Smartphones greatness hampered by limited cell and internet service

Compared to good old land-line phones, smartphone reliability is mediocre at best because it largely depends on you always being connected to the internet. This post brings to light that we’ve traded massively reliable twisted pair telephone service and mostly reliable home internet for something that, at least to me, is barely tolerable and only just “good enough”. Smartphones have become popular in spite of connectivity issues. Where are still in the stone age of cellular service.

How dependable? You could “always” depend on the old fashioned, hard-wired land-line phones to work even during natural disasters. In fact, I once grabbed a pair of phone wires from the rubble a house completely destroyed by a Class 5 tornado and was able to use a field phone to make a call. Try to do that with a smartphone! Nowadays, most of what we do with our smartphones is 100% dependant on an internet and cellular service connection. And, it’s not like you are dragging around a dedicated T1 service and ethernet cable where ever you go. If the cellular connection is bad we either have to wait until we can find a Starbucks with WiFi or simply go without phone calls, text messages, emails and surfing the internet. In fact even Starbucks connectivity can be spotty if there are a lot of people at Starbucks working on uploading or viewing their family Christmas picture albums. 

No internet connection? Sorry, but you won’t able to use Skype and gasp…you’ll have to use your cell phone minutes to make a voice call.

Overloaded system. Cellular companies are making it even more challenging with tiered pricing for internet usage, phone plans that don’t include roaming, and congested networks that are sloooowly being upgraded. They say these pricing approaches help maximize existing bandwidth for everyone, or perhaps it’s to help them maximize revenue?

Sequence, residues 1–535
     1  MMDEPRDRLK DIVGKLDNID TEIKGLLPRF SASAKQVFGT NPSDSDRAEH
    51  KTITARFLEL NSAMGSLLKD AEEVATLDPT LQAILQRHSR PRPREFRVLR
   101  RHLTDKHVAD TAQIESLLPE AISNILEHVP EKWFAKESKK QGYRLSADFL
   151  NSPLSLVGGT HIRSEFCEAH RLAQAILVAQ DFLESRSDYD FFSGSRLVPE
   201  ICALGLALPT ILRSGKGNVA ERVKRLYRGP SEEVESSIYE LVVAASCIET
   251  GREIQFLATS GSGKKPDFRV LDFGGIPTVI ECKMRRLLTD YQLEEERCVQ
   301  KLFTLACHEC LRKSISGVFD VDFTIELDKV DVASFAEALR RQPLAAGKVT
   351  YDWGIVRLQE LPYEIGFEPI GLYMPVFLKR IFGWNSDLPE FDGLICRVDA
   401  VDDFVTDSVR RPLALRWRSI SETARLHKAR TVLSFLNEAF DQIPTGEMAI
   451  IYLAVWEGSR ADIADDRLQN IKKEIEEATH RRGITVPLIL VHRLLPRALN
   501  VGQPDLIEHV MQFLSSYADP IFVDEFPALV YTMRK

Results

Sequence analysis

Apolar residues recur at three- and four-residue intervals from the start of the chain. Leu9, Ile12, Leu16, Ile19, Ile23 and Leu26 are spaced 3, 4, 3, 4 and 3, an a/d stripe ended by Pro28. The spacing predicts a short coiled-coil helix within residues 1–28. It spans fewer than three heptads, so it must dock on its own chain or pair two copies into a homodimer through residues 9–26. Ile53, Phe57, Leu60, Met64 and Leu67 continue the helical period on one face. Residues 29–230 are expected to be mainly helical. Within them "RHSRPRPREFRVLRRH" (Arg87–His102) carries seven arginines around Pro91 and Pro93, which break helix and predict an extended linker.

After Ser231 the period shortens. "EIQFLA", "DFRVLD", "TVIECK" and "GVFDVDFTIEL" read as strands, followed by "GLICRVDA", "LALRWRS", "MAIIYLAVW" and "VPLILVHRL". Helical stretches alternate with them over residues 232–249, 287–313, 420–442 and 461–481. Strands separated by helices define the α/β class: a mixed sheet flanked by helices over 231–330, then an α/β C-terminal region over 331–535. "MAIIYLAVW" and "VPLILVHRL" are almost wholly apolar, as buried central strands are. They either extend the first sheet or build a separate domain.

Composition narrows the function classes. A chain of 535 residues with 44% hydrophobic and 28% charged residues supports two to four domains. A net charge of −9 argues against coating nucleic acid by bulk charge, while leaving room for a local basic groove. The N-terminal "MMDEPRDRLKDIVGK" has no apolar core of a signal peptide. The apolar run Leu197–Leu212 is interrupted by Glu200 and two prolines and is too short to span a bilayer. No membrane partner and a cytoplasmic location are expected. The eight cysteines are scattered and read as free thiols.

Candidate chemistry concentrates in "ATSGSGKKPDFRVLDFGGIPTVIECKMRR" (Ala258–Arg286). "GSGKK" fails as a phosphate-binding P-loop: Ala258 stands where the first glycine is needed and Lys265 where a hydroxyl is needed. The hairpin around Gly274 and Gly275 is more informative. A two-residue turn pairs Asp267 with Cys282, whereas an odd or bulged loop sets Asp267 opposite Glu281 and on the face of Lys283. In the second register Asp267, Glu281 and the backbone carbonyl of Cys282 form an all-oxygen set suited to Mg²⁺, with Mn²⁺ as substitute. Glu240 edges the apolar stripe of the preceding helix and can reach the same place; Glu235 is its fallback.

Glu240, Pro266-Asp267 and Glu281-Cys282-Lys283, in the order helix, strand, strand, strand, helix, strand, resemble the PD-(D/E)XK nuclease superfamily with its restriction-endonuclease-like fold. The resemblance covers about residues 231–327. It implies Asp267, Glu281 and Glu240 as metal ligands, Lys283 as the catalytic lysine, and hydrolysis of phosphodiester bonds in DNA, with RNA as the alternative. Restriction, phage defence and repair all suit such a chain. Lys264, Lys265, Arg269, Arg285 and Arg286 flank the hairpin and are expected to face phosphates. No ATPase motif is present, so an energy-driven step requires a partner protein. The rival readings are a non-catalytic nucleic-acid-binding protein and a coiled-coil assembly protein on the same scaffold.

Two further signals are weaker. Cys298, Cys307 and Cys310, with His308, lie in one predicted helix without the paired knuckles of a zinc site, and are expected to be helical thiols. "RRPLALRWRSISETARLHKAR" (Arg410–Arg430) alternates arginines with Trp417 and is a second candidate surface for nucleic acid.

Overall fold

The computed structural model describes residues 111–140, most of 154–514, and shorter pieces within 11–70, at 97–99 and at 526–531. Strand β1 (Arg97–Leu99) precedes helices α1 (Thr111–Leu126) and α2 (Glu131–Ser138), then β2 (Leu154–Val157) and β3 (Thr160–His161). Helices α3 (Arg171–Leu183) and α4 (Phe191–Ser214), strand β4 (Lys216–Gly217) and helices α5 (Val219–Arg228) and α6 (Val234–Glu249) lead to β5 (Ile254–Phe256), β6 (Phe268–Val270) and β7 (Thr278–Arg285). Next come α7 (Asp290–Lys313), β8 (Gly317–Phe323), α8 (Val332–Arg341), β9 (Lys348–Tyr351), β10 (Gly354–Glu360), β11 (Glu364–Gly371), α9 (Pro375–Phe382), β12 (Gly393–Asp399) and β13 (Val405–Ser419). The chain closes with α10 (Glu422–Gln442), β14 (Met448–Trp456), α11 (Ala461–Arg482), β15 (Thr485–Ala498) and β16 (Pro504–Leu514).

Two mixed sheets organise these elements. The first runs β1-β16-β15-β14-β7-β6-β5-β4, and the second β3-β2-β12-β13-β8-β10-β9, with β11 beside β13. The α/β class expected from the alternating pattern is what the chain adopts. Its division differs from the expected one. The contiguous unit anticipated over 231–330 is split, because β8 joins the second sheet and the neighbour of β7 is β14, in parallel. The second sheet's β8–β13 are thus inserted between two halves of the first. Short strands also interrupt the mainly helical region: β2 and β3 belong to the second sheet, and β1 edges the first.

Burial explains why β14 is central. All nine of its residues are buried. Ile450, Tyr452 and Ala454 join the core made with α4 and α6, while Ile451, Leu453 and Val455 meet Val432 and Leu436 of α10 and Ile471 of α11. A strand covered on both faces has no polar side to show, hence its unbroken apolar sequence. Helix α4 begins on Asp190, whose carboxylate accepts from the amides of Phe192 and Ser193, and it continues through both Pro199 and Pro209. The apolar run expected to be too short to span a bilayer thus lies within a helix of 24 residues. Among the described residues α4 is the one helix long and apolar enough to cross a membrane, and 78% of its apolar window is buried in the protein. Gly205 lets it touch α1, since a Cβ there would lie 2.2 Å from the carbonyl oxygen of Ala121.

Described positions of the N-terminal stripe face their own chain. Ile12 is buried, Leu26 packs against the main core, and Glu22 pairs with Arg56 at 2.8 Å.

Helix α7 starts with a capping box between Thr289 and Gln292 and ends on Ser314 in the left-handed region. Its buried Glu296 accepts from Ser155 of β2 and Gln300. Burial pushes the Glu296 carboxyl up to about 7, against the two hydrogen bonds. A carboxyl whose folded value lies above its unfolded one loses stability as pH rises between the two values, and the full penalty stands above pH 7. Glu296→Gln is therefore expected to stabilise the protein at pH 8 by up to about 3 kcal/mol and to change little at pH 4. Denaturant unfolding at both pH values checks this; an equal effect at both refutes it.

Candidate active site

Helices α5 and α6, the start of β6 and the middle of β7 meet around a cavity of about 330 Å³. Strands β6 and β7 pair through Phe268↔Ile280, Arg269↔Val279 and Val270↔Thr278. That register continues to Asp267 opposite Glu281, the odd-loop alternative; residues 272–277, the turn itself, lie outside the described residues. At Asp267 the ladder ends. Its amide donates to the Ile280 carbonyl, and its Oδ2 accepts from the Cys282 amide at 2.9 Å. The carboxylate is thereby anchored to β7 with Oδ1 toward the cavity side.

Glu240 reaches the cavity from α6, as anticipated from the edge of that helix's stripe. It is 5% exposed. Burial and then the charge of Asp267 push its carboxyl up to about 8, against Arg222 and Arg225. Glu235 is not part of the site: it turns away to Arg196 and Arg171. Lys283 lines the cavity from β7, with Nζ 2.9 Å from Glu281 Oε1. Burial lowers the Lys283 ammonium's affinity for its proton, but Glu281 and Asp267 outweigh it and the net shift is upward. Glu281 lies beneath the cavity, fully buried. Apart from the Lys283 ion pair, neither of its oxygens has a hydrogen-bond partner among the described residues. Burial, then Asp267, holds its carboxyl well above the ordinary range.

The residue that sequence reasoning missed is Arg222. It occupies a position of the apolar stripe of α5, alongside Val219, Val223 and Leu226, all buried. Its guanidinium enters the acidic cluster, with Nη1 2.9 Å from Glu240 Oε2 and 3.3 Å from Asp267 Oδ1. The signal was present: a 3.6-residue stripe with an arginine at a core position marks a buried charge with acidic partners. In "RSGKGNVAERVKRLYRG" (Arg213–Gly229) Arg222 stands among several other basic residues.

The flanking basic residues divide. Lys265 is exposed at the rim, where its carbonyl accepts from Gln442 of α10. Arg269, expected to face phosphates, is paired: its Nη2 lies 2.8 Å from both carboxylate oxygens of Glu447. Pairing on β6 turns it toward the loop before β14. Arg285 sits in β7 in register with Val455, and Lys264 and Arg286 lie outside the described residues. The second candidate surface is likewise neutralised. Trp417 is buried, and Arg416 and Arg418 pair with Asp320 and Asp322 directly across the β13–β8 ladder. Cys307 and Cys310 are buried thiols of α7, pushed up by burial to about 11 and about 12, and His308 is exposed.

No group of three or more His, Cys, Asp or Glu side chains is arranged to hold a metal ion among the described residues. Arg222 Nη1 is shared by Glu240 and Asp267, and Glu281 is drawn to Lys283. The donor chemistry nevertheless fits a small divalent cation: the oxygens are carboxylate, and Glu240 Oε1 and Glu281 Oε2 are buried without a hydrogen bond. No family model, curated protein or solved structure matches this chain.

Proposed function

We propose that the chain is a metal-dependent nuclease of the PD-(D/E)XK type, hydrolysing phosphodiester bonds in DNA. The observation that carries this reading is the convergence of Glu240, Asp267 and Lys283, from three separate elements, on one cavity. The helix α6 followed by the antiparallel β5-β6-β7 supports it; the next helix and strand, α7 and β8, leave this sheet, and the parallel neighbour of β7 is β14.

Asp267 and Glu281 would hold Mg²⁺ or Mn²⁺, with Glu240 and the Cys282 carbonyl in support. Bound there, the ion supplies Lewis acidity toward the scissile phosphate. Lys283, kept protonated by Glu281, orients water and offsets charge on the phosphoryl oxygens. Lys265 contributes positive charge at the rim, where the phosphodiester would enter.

It also seems that the rate of smartphone adoption may have outpaced the networks ability to keep up in many dense urban areas and outside of those areas away from major highways you may just be stuck without cellular service if you don’t have a landline.

Spotty coverage areas. There are certain parts of my house and certain areas at work that have dead zones to cell service. I work in a densely populated urban area and some co-workers, depending on which cell service they use, have to step outside to get a “good enough” signal to carry on a conversation. It’s becoming more common for cell providers to offer private amplification repeaters that improve service to a specific house or building, and the funny thing is these rely on good old land-line connections.

How about in emergencies and disasters? If a cell tower goes down then all communication is wiped out completely…remember Hurricane Katrina and Sandy? If/when cell service is restored and you still don’t have power at your house, you will have to turn off your phone and use its remaining battery life wisely. Turn it on, make a quick call or send/receive text messages and then turn it off again. And, when the battery is dead…it will stay dead until you find a working power outlet.

What’s the future hold? What I’d really like to see is guaranteed service, like the uptime agreements we used to have with T1s, T2s and T3s. You could expect a minimum amount of service and generally speaking the provider would try and meet those conditions. With the way cell service is distributed today it’s anyone’s guess whether you have access to cell or internet at any particular point in time.

Probably the best thing to do is call your provider and complain when coverage needs improvement. Most companies seems to document these issues although its not clear who looks at that information. It seems reasonable however that the more people giving feedback the better information the cell providers will have to make decisions.